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Mental health experts offer tips to keep New Year’s Resolutions

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BECKLEY, W.Va. (WVVA) The pandemic isn't the only catastrophe that has taken the world by storm in the last year. Health experts say more West Virginians are experiencing mental health issues as a result of pandemic-related stressors, including the loss of jobs, virtual learning, and limited time spent with friends and family.

So for those who are resolving to have a brighter outlook in 2021, how do they do it?

According to Kristi Dumas with the Dumas Psychology Collective, they start by setting small, attainable goals.

"2021 is really about positivity. It's about looking back at the things we've learned, the things that have made us expand and widen our perspective, and we're taking those things we've learned into the New Year."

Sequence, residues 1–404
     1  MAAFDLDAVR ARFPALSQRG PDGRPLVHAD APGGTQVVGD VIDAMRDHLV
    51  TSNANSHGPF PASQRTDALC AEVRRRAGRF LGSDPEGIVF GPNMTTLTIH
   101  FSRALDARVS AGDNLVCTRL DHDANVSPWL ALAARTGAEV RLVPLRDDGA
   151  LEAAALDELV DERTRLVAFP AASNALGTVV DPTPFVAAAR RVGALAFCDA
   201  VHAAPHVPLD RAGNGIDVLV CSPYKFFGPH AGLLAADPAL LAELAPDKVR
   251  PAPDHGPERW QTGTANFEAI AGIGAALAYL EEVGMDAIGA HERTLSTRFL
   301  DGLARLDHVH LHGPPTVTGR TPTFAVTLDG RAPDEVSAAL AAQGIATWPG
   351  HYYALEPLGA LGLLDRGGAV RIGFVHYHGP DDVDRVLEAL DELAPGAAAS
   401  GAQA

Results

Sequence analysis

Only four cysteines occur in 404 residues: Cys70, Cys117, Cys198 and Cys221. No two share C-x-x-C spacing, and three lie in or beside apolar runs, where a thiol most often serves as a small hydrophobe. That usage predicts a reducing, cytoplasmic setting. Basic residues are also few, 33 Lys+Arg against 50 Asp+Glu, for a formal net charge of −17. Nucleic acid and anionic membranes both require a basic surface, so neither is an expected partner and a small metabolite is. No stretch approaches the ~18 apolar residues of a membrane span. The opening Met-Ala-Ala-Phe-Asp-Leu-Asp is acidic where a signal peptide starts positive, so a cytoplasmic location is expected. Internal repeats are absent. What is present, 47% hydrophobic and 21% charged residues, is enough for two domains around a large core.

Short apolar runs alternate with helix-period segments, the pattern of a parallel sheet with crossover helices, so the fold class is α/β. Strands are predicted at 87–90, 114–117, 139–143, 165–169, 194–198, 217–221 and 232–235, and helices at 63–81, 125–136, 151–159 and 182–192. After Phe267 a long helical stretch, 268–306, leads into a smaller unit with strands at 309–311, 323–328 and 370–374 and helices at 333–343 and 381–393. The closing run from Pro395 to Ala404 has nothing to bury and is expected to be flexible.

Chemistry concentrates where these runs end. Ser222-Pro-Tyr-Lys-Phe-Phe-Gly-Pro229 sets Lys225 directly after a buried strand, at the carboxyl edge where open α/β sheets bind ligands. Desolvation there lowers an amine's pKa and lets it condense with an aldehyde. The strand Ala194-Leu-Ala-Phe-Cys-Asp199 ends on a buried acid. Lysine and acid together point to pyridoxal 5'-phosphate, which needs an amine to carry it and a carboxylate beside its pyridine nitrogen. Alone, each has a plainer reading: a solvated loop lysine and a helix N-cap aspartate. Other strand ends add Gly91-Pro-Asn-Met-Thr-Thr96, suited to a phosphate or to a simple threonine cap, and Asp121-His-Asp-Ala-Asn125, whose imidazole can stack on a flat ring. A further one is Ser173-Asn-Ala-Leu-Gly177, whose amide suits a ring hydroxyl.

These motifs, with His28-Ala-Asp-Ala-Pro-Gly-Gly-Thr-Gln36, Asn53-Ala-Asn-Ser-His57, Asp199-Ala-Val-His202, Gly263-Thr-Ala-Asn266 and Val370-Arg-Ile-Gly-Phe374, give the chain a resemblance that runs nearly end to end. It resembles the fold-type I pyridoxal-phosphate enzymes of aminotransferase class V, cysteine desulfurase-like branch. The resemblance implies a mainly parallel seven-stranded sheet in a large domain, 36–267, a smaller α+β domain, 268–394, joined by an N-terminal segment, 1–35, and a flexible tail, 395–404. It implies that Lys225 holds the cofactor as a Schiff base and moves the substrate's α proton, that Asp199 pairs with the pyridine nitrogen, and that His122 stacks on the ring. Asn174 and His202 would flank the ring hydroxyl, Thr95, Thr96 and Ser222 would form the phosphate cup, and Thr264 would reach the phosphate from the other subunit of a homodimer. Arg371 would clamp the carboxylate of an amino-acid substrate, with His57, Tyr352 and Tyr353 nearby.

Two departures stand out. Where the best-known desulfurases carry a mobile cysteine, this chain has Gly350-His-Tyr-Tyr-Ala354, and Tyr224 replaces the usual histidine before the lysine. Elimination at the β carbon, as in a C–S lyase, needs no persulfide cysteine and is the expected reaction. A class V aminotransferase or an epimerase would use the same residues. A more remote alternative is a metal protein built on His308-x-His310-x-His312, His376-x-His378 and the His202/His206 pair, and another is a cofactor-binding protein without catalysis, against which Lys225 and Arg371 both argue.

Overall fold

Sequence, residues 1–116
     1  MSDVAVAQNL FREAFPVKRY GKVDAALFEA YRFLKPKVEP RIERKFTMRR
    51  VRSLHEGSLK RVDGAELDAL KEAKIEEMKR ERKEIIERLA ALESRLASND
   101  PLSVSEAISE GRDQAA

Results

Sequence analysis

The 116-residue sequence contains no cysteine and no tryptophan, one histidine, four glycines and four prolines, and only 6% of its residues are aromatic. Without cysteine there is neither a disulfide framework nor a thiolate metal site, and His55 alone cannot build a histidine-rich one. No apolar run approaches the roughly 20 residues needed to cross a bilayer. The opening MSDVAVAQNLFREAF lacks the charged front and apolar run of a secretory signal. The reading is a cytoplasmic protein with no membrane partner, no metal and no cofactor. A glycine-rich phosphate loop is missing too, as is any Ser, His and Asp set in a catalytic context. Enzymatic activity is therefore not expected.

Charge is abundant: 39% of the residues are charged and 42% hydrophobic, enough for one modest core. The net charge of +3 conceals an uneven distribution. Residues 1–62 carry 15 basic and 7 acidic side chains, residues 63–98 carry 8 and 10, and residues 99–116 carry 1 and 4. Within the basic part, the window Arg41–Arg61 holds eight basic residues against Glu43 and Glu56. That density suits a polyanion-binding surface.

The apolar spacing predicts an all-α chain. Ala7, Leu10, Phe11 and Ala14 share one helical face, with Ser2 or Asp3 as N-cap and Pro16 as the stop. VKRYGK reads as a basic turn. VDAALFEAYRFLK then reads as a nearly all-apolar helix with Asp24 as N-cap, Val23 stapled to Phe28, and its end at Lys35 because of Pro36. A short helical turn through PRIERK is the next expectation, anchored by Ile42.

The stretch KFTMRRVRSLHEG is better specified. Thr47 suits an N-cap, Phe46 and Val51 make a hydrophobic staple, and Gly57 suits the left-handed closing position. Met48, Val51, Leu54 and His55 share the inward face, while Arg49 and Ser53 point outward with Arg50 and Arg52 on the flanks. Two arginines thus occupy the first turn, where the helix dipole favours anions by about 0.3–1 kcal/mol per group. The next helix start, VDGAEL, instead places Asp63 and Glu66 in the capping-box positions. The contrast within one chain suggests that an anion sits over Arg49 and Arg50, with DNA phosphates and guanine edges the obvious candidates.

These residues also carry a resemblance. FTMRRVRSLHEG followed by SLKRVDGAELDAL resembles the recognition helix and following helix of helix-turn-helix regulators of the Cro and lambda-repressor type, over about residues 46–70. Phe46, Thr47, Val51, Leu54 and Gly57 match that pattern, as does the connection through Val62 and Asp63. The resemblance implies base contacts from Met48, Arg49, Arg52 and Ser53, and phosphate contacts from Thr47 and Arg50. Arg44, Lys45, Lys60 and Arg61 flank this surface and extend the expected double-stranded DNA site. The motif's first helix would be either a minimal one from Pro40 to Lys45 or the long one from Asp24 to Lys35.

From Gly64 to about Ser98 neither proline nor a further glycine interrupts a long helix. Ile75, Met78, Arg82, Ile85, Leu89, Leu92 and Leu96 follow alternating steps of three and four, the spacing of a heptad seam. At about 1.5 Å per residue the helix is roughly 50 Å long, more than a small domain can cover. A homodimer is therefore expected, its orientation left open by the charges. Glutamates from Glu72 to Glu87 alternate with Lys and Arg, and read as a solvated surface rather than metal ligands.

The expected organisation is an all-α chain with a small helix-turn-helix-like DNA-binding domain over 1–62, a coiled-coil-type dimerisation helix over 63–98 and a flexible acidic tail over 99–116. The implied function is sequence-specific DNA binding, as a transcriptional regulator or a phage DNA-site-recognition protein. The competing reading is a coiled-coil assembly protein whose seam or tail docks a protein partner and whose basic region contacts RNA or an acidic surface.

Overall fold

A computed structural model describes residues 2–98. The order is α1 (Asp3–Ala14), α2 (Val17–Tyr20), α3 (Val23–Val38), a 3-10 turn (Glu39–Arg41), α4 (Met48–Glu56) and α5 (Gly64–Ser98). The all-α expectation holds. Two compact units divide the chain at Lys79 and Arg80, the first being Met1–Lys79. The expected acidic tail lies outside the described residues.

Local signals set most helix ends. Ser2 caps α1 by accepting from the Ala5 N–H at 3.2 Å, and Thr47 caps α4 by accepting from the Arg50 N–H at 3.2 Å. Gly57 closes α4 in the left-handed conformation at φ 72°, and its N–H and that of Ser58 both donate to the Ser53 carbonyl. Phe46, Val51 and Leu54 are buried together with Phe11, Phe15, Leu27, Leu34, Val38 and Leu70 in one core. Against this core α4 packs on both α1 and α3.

"One of the reasons New Year's resolutions break is because we make them without a lot of planning and thinking the whole plan through," she adds.

Dumas and Life Strategies Therapist Shameka Mitchell both agree there needs to be a plan of action.

"Just writing it down where you can visibly see it I think helps a lot," said Mitchell.

They said it is also important to show yourself grace when you fail. By taking it day by day, Dumas said you will be more likely to find a positive outcome in the long-run.

"As people, we're all afraid of change. We're afraid of things we can't control. The old saying goes how do you eat an elephant? One bite at a time. You have to find the little steps to get to the whole elephant."

Mitchell said self-comparison on social media can also be a dangerous rabbit hole that leads to setbacks.

"You're biggest competition should be yourself, not anyone else. So just stay consistent and reward yourself for making those things attainable. You can do it."

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Annie Moore

Multimedia Journalist

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